Should we normalize security data at all?

I haven’t blogged for quite a while. Recently I started spending my time again on security research, and the blogging itch is back. My current research focus is security data normalization, and in the next few posts, I will expand on this topic.

The first question that comes to mind is, why normalize? Should we normalize at all? That is obviously once we agree on what normalization is. So let’s start there.

At its core, normalization means that data collected from different sources should be converted to a uniform presentation or schema. Such a uniform schema enables analytics to be source agnostic. It also reduces the learning curve for analysts and enables them to be more productive. The article “SIEM Event Normalization Makes Raw Data Relevant to Both Humans and Machines” provides a good starting point for the rationale.

To deliver on the promise, SIEMs have tried to implement normalization since day one. ArcSight CEF and categorization, Splunk CIM, and QRadar LEEF are all normalization schemes.  

Where they successful?

In his seminal blog post, “Security Correlation Then and Now: A Sad Truth About SIEM“, Anthon Chuvakin claims that they were not. And I tend to agree. Want proof? If you are a serious security analyst, the number 4624 means something to you. Obviously, it is the Windows Login event. More precisely, successful login (4625 logs failures). You might also know that Login Type 2 is “interactive”, or at least you know that you need to consult Randy Franklin Smith’s excellent

Ultimate Windows Security. I have certainly used it a lot, as you can see on the right. Or just Google for 4624.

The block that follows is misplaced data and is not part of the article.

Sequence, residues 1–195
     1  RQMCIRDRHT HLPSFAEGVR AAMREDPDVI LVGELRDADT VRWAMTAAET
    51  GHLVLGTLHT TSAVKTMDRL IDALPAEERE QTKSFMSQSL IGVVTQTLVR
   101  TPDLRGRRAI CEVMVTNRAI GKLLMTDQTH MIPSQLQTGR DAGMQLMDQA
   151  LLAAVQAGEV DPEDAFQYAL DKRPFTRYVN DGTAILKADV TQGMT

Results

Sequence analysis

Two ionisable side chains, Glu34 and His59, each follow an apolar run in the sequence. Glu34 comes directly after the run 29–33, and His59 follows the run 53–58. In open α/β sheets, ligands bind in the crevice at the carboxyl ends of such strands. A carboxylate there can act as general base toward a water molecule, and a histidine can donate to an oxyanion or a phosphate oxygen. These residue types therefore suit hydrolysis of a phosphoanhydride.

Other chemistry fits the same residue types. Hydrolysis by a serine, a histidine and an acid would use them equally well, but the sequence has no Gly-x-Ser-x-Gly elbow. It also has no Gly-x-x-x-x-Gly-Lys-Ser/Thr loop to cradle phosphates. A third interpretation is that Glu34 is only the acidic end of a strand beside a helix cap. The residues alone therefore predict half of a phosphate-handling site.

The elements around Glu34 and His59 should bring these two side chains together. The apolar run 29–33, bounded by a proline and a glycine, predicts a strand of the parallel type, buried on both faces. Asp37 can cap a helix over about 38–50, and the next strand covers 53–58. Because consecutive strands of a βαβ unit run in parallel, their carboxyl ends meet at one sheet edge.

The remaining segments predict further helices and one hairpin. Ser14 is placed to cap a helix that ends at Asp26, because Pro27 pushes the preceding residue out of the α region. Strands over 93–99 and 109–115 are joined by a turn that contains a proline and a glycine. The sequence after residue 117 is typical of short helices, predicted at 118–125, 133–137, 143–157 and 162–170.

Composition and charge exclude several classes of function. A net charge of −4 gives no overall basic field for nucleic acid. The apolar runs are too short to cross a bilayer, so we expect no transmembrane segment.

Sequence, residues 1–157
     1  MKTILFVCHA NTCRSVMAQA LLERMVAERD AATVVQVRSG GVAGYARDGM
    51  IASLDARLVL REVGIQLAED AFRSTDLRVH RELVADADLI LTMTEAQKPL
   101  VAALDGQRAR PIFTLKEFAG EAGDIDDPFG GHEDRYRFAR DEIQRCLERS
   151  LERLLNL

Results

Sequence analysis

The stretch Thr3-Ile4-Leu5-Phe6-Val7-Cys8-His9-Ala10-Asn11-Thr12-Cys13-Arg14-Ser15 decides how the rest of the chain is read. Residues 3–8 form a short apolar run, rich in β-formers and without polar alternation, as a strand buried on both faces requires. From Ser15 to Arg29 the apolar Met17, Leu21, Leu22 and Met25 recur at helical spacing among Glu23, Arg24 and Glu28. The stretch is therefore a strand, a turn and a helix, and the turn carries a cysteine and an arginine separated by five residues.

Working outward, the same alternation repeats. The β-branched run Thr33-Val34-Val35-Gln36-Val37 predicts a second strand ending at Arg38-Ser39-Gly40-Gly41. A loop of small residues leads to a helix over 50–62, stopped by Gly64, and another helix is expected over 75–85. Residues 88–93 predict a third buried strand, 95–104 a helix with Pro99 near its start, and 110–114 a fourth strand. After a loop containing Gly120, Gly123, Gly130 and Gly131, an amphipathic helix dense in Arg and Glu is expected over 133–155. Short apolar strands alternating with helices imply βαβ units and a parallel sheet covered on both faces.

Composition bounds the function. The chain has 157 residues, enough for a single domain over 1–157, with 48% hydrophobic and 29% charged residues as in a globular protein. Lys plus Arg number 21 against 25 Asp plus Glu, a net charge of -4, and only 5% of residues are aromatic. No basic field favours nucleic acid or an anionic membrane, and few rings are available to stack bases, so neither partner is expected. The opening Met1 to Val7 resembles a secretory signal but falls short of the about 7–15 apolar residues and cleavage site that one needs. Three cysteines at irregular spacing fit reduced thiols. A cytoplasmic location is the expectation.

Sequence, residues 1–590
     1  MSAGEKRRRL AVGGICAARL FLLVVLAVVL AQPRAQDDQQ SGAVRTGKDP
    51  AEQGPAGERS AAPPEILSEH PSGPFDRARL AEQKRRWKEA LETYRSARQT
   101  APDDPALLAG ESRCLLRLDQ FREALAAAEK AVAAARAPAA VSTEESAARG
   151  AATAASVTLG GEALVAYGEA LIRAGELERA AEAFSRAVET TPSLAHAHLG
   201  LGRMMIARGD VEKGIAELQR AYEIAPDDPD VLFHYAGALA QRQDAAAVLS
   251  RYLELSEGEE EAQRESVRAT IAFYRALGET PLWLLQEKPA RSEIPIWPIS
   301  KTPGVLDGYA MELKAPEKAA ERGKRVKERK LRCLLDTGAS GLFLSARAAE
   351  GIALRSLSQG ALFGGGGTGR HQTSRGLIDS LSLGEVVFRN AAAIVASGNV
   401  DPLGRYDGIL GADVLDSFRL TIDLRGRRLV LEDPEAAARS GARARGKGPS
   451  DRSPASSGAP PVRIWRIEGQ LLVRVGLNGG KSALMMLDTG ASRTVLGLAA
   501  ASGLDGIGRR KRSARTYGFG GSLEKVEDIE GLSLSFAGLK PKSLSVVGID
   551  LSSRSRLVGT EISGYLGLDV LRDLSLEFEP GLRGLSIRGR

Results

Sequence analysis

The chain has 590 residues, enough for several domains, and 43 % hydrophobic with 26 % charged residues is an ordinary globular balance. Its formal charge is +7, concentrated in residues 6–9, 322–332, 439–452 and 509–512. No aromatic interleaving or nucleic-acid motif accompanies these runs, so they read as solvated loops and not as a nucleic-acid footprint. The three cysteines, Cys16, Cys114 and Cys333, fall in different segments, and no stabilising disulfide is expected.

In a perfect world, an analyst would not need to know about event 4624. ArcSight categorization whitepaper mapped it already in the first decade of the millennium to this:

Now, how many people converse in 6424, and how many know the ArcSight categorization. How many systems analyze 4624 events, how many support ArcSight, or an alternative, categorization scheme?

So Anton has a point.

Now back to 2021. My current research at Microsoft, leading the Azure Sentinel Information Model (ASIM) initiative, enables me to get back to the challenge ArcSight started tackling more than 20 years ago. And I hope this time to move the needle. Let there be a generation of security analysts who don’t know what 4624 is (and not because Windows will die).

As a starting point, we recently released the ASIM Authentication model, which includes a normalizing 4624 parser. I am sure it is not perfect, and we are already getting ideas for improvement. 

In the upcoming blog posts, I will discuss how we try to make normalization work this time. I will address areas such as:

  • Value normalization
  • Entities, entity IDs, and entity descriptors
  • Aliasing

So let’s start the journey.

3 thoughts on “Should we normalize security data at all?

  1. Chip Mesec

    Great point. Another driver is capex/opex. How much bigger are analytic and storage backends because of lack of normalization? I wonder if you could measure this with your tools? It would move some CSOs to your point of view. Good work.


  2. Shezaf Post author

    Great point, Chip! My experience is that it’s a mixed bag. While you make a great point that normalization reduces the size by eliminating meta information such as column names and waste from the raw data, normalization also adds some. For example, if a source reports an ID and the normalized schema calls to resolve t9 a string value.

    Indeed a worthwhile topic to add to my list!


  3. Pingback: SIEM Normalization Dirty Secret: Values | Cyber aXioms

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